While Powell has the talent to be a valuable member of the Florida Gators, how he responds to putting the pads on, running full speed and really testing his surgically repaired knee remains to be seen.
Since taking the head-coaching job, Will Muschamp has preached that he will play the best 11 on either side of the ball. If Powell can return to full speed or close to it, there is no doubt that he would fall into that “best 11” category and the coaching staff will have to find a way to get both him and Fowler on the field.
Bryan Cox Jr.
Cox took a redshirt his first year on campus and he appears to have spent most of his time in the weight room. Cox has added considerable size to his frame and he gives the Gators great depth at both Buck and defensive end.
Cox has earned Muschamp’s seal of approval this spring.
“Bryan Cox is another guy that I think is going to play really well for us as we head into fall camp there.” Muschamp said.
While it doesn’t appear that Cox will be able to jump Powell or Fowler, he should see some playing time and he has the talent to be a productive player for the Gators.
McCalister is another player who benefitted from a redshirt season. Listed at 6’5”, McCalister was listed as low as 212 pounds in high school. That’s the kind of size you want to see in a wide receiver, not at Buck.
To McCalister’s credit, he has gained weight in the past year and is currently listed at 230 pounds. McCalister can stand to add another 20 pounds to his long frame and should continue to add weight, as he gets older.
Just a redshirt freshman, McCalister will add depth to the BUCK position and is a player to watch out for in the future.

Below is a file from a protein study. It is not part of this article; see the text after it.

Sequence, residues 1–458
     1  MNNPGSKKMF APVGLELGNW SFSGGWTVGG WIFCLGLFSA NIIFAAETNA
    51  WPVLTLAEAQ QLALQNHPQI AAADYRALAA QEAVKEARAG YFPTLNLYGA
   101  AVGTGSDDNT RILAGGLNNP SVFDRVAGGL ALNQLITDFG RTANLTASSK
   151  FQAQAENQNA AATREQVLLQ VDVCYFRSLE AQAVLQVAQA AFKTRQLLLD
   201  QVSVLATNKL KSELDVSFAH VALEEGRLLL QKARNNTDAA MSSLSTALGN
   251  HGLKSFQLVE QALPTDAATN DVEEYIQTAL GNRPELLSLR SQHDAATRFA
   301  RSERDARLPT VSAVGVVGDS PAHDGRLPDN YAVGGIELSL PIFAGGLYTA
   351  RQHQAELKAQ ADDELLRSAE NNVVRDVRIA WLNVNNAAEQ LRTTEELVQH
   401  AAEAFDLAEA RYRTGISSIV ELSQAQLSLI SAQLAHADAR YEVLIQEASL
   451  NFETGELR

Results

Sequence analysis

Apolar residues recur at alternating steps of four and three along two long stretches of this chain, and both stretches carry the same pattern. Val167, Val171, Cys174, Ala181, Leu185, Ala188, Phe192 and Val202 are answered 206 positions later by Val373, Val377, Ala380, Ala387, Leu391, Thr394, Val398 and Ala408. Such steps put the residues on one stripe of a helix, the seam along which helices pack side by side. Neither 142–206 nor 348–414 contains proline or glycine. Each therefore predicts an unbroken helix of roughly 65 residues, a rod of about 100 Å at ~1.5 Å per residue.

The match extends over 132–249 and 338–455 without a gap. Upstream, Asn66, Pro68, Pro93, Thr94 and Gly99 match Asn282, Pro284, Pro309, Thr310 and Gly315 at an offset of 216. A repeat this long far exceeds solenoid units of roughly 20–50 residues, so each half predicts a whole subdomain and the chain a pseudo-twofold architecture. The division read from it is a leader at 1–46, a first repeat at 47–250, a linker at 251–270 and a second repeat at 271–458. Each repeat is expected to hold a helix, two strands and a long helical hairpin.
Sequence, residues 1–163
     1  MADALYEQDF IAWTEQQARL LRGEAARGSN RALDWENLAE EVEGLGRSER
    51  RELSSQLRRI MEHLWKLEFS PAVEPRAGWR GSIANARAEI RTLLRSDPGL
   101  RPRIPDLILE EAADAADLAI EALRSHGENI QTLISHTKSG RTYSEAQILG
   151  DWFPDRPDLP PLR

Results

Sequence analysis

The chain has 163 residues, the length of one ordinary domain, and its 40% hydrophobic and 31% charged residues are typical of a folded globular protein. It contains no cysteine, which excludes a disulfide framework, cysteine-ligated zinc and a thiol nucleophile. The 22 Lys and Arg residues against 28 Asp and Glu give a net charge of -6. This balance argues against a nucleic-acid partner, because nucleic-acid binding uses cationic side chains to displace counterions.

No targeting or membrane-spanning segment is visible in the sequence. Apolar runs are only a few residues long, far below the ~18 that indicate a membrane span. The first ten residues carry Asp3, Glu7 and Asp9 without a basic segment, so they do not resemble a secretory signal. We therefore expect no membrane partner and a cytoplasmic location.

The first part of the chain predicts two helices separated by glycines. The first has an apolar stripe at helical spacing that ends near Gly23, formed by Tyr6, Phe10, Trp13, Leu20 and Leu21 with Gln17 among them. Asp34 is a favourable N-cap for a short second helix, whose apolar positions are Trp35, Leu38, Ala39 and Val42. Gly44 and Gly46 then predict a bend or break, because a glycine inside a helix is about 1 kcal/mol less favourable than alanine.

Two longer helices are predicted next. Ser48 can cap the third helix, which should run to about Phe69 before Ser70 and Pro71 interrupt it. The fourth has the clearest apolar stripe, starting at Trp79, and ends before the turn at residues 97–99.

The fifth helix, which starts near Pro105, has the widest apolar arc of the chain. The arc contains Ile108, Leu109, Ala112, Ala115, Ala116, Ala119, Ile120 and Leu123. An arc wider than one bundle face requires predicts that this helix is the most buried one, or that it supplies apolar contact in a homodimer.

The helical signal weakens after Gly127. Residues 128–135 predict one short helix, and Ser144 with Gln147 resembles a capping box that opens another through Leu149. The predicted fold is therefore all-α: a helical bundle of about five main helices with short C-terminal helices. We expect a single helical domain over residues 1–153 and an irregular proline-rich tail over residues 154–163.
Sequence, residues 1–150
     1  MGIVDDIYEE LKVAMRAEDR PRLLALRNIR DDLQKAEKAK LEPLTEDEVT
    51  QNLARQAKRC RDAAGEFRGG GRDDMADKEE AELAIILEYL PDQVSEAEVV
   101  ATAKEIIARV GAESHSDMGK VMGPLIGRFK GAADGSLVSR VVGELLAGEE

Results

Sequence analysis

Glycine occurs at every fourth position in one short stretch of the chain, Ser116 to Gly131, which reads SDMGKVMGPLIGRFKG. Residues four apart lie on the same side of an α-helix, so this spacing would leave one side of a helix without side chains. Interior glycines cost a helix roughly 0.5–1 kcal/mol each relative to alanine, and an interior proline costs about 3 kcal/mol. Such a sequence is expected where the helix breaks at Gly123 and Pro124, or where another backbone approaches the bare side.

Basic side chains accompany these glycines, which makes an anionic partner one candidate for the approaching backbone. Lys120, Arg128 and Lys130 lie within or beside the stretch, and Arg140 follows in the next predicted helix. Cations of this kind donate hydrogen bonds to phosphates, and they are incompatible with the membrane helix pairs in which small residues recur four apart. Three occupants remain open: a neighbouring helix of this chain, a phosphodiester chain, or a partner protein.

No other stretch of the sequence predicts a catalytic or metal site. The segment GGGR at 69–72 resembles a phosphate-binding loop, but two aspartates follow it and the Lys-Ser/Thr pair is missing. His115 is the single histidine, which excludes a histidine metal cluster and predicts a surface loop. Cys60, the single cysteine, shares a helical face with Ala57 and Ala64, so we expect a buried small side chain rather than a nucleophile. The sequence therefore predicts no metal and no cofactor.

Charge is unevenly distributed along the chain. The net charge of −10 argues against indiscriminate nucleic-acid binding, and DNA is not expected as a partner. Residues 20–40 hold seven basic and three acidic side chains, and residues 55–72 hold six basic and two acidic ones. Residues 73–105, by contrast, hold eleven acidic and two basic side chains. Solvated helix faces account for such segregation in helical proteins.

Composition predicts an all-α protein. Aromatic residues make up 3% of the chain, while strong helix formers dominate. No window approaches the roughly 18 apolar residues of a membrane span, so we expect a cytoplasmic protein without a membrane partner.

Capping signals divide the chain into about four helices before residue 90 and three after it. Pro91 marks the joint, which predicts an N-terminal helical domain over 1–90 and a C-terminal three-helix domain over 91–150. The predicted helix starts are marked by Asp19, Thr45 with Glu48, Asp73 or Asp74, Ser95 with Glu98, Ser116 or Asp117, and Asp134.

While Cox and McCalister both took advantage of their redshirt seasons a year ago, this is clearly a two-man race. Both players will see playing time in 2013 but barring injury, shouldn’t be expected to start in 2013.
A former No. 1 overall rated prospect coming out of high school, Powell will have an uphill battle to climb this fall. As if going through two surgeries to repair a torn ACL wasn’t enough, Powell now finds a new tenant at the position he calls home.
As we stand, my inclination is that Fowler will start at Buck while Powell shakes off the rust of not having played football in over a year but that the coaches will find ways to get both players on the field.
New defensive line coach, Brad Lawing, will implement a “rabbit package”, which is basically a package that gets your four best pass rushers on the field at the same time. This could get Dominique Easley, Jonathan Bullard, Fowler and Powell on the defensive line at the same time.
Hello, SEC offensive lineman, good luck.
Another option would be to have Powell play some Sam linebacker. It is a position he played a little bit as a freshman under Urban Meyer and Powell has shown that he is capable of dropping into coverage.
While it does appear the Gators have a bit of a logjam at the position, you’ll never hear a coach complain about having too much talent at any position.